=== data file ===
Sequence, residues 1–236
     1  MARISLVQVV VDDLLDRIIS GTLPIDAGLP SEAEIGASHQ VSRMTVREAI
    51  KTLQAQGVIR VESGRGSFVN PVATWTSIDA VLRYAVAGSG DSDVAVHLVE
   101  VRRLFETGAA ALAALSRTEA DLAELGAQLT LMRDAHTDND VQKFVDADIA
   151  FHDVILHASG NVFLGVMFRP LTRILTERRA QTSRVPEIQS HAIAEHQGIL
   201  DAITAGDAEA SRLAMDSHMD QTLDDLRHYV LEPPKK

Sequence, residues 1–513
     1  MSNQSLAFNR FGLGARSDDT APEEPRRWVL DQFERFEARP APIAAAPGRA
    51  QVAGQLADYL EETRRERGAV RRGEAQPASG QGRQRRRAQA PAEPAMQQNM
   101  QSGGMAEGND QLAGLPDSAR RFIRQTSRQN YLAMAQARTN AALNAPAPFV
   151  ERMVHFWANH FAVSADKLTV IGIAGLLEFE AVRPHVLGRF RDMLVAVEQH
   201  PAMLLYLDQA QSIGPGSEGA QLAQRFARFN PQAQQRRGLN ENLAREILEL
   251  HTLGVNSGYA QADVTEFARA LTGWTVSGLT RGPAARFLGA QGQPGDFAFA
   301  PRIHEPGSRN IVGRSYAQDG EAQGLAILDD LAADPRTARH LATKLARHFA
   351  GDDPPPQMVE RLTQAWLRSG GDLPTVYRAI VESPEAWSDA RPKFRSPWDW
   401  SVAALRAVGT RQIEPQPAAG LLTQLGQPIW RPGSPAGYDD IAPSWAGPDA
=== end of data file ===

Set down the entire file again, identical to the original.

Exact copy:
Sequence, residues 1–236
     1  MARISLVQVV VDDLLDRIIS GTLPIDAGLP SEAEIGASHQ VSRMTVREAI
    51  KTLQAQGVIR VESGRGSFVN PVATWTSIDA VLRYAVAGSG DSDVAVHLVE
   101  VRRLFETGAA ALAALSRTEA DLAELGAQLT LMRDAHTDND VQKFVDADIA
   151  FHDVILHASG NVFLGVMFRP LTRILTERRA QTSRVPEIQS HAIAEHQGIL
   201  DAITAGDAEA SRLAMDSHMD QTLDDLRHYV LEPPKK

Sequence, residues 1–513
     1  MSNQSLAFNR FGLGARSDDT APEEPRRWVL DQFERFEARP APIAAAPGRA
    51  QVAGQLADYL EETRRERGAV RRGEAQPASG QGRQRRRAQA PAEPAMQQNM
   101  QSGGMAEGND QLAGLPDSAR RFIRQTSRQN YLAMAQARTN AALNAPAPFV
   151  ERMVHFWANH FAVSADKLTV IGIAGLLEFE AVRPHVLGRF RDMLVAVEQH
   201  PAMLLYLDQA QSIGPGSEGA QLAQRFARFN PQAQQRRGLN ENLAREILEL
   251  HTLGVNSGYA QADVTEFARA LTGWTVSGLT RGPAARFLGA QGQPGDFAFA
   301  PRIHEPGSRN IVGRSYAQDG EAQGLAILDD LAADPRTARH LATKLARHFA
   351  GDDPPPQMVE RLTQAWLRSG GDLPTVYRAI VESPEAWSDA RPKFRSPWDW
   401  SVAALRAVGT RQIEPQPAAG LLTQLGQPIW RPGSPAGYDD IAPSWAGPDA